November 25, 2017 | MANILA, PHILIPPINES

Gov’t denies ‘Dutertenomics’ comes with heavy debt burden

CABINET officials rejected claims that Chinese funding for infrastructure will burden the economy with too much debt, saying that tax reform will help the Philippines raise the bulk of the needed funds internally.


In a briefing in Beijing, Trade Secretary Ramon M. Lopez -- who joined President Rodrigo R. Duterte and other Cabinet officials in the China-backed “One Belt, One Road” forum -- said the government will finance only a small portion of its infrastructure projects through foreign loans.

Mr. Lopez said 80% of the funds for the infrastructure drive, one of the key planks of the so-called “Dutertenomics” plan, will be generated locally while the remaining 20% will come from external creditors.

He also stressed the “importance” of passing the proposed comprehensive tax reform program to “internally” raise funds for the state’s big infrastructure push.

Economic managers have said that infrastructure projects, which are expected to cost P8.4 trillion, will be funded by government appropriations -- supported by expected additional revenue from the comprehensive tax reform program -- Official Development Assistance (ODA), and public-private concessions.

This year the government aims to spend P860.7 billion, equivalent to 5.4% of gross domestic product (GDP), on public infrastructure.

In an opinion piece dated May 13, Anders Corr, principal at risk analysis firm Corr Analytics, wrote in Forbes magazine that the Philippines’ “new debt” of $167 billion to be lent by Beijing could swell the national debt to $452 billion, assuming a 10% interest rate.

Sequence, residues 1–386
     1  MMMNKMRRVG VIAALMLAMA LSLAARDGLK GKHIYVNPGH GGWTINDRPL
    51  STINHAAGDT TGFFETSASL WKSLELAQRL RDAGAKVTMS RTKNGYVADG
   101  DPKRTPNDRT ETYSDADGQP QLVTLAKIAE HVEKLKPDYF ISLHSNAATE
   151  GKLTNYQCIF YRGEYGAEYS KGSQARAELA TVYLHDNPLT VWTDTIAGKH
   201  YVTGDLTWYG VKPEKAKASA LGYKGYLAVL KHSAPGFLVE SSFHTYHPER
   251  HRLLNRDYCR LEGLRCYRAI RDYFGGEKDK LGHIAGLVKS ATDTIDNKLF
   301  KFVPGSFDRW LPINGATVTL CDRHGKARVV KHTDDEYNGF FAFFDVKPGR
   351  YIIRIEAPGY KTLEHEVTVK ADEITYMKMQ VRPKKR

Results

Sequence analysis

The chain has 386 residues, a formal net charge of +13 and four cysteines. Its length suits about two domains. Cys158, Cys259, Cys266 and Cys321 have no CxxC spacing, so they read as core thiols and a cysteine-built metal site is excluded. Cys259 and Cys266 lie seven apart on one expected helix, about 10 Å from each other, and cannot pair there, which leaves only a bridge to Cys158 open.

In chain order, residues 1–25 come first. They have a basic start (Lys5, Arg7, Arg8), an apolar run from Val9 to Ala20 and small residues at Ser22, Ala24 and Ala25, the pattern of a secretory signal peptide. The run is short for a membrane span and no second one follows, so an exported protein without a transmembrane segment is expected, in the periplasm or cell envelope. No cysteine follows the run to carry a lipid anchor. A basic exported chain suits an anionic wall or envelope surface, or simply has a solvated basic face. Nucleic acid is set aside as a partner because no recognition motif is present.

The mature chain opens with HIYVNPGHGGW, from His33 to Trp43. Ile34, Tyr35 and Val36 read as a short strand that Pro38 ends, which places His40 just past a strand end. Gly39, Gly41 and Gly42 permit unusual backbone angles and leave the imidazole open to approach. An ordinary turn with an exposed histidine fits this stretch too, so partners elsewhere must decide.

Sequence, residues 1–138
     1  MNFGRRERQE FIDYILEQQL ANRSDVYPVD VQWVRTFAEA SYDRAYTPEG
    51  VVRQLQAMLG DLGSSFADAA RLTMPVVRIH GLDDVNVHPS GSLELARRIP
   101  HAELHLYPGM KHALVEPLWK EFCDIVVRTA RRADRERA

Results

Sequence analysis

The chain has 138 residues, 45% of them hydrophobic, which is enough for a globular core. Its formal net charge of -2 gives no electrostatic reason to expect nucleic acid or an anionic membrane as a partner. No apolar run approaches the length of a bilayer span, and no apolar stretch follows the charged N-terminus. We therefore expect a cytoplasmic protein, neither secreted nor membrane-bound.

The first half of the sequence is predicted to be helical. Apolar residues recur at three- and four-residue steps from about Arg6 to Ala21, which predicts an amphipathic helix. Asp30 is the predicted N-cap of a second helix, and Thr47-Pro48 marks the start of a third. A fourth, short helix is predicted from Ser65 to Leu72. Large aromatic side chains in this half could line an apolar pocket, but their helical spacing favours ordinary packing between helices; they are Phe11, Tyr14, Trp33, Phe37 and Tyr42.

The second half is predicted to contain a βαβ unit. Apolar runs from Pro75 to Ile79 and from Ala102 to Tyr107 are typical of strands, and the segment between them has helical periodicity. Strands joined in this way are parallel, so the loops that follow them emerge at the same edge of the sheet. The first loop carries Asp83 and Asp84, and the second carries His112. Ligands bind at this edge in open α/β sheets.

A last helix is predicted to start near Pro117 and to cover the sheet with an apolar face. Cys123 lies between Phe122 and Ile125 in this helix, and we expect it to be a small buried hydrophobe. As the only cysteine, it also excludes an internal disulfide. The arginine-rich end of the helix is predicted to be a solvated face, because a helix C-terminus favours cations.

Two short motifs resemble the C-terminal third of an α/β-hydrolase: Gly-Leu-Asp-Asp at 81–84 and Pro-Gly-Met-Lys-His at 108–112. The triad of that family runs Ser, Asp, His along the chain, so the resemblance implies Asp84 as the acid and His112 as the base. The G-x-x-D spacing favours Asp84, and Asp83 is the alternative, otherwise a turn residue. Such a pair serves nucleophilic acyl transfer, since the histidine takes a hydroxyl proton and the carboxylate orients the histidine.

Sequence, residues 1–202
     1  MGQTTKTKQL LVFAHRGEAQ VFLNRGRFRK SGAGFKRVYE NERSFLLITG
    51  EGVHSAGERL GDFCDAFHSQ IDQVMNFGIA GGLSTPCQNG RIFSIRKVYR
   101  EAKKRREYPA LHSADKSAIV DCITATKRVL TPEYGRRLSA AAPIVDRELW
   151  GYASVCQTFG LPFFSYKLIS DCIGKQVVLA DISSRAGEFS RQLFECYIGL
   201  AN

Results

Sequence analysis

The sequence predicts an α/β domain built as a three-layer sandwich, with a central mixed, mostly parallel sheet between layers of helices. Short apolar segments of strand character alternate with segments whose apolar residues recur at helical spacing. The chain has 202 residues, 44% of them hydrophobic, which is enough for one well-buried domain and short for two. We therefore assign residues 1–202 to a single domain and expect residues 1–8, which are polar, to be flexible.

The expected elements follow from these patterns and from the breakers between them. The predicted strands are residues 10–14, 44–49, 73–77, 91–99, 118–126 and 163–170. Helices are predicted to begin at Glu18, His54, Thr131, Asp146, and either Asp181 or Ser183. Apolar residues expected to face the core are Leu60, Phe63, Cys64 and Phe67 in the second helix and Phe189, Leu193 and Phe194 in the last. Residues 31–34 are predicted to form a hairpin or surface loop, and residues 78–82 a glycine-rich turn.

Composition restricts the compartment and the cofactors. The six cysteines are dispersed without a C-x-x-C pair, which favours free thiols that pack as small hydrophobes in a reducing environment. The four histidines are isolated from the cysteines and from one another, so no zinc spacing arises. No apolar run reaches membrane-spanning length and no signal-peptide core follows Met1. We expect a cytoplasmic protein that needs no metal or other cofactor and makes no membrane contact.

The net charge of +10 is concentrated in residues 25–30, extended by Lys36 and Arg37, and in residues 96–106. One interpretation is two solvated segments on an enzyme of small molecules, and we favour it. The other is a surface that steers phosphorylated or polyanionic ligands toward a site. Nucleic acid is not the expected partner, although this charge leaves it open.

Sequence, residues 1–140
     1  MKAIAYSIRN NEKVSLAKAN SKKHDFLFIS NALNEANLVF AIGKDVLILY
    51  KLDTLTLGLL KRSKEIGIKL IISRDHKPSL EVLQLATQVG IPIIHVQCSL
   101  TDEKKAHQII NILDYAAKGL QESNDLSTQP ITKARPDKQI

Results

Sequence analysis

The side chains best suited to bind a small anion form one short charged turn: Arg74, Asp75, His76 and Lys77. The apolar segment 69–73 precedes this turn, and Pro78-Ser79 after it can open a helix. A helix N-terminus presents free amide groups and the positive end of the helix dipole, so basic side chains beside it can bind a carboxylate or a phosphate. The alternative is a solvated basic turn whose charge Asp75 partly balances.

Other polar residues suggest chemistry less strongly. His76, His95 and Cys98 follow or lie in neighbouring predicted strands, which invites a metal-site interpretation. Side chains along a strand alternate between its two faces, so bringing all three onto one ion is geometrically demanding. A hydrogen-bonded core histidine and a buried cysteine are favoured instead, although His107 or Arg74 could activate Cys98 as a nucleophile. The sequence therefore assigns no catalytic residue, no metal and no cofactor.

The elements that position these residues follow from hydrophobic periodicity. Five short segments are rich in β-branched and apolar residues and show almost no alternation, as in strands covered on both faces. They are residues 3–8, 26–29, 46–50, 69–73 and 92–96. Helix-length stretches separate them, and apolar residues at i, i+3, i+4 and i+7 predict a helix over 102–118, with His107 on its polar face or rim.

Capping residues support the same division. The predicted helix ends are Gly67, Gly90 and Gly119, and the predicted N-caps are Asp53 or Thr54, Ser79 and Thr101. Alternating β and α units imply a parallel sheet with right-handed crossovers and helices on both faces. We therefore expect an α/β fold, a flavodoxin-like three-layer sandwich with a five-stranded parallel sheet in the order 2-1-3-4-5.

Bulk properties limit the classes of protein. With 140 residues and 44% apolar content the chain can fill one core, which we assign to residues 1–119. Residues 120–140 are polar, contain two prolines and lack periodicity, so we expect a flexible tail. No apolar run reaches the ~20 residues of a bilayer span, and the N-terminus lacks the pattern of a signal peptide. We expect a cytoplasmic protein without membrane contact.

Mr. Corr added that China’s possible imposition of high interest rates on the “new debt” could “balloon it to over a trillion US dollars in 10 years,” thereby “bringing Philippines’ debt to GDP ratio to 197%, second-to-worst in the world.”

Mr. Lopez said the claims of a heavy debt burden are “based on wrong information.” He did not refer to Mr. Corr’s analysis specifically.

Sought for comment, Budget Secretary Benjamin E. Diokno said in a mobile phone message on Monday that Mr. Corr’s report is “false,” adding that the article is “based on a lot of ridiculous assumptions.”

“On the contrary, we expect the debt to GDP ratio to decline from 40% in 2015 to 35% in 2022. The article is based on the wrong assumption that our borrowing costs is between 10 to 15% and that GDP (the numerator in the ratio is constant),” Mr. Diokno explained.

“Our borrowing costs will be in the neighborhood of 4%. Nominal GDP is likely to increase by 9 to 10% annually,” he added.

“Finally, we intend to have an 80:20 mix in favor of local borrowing; this is to minimize the foreign exchange risk of foreign financing of the deficit.”

For his part, Labor Secretary Silvestre H. Bello III yesterday said the state’s ambitious infrastructure programs are projected to generate “not less than 12 million jobs” over the next five years.

“They picture a ‘golden age of infrastructure’ -- which to the Department of Labor is the ‘golden age of employment,’” Mr. Bello told reporters and Chinese business leaders in Beijing during a presentation of “Dutertenomics” -- a roadshow on Mr. Duterte’s economic policies.

Mr. Duterte has shifted the country’s diplomatic focus by seeking support from China for massive infrastructure projects, moving away from its traditional treaty ally, the US.

In October last year, Mr. Duterte bagged aid and investment pledges from Beijing worth $24 billion, and $9 billion in soft loans that included a $3 billion credit line with the Bank of China.

Meanwhile, during his Manila trip early this year, Japanese Prime Minister Shinzo Abe pledged ¥1 trillion worth of investment and aid -- the largest that Japan has committed to a single country.

Mr. Duterte arrived in Beijing on Saturday to participate in the Belt and Road Forum -- during which Chinese President Xi Jinping pledged $124 billion to strengthen ties with former trading partners along the Silk Road as well as countries along the sea lanes to Europe. -- Ian Nicolas P. Cigaral, Elijah Joseph C. Tubayan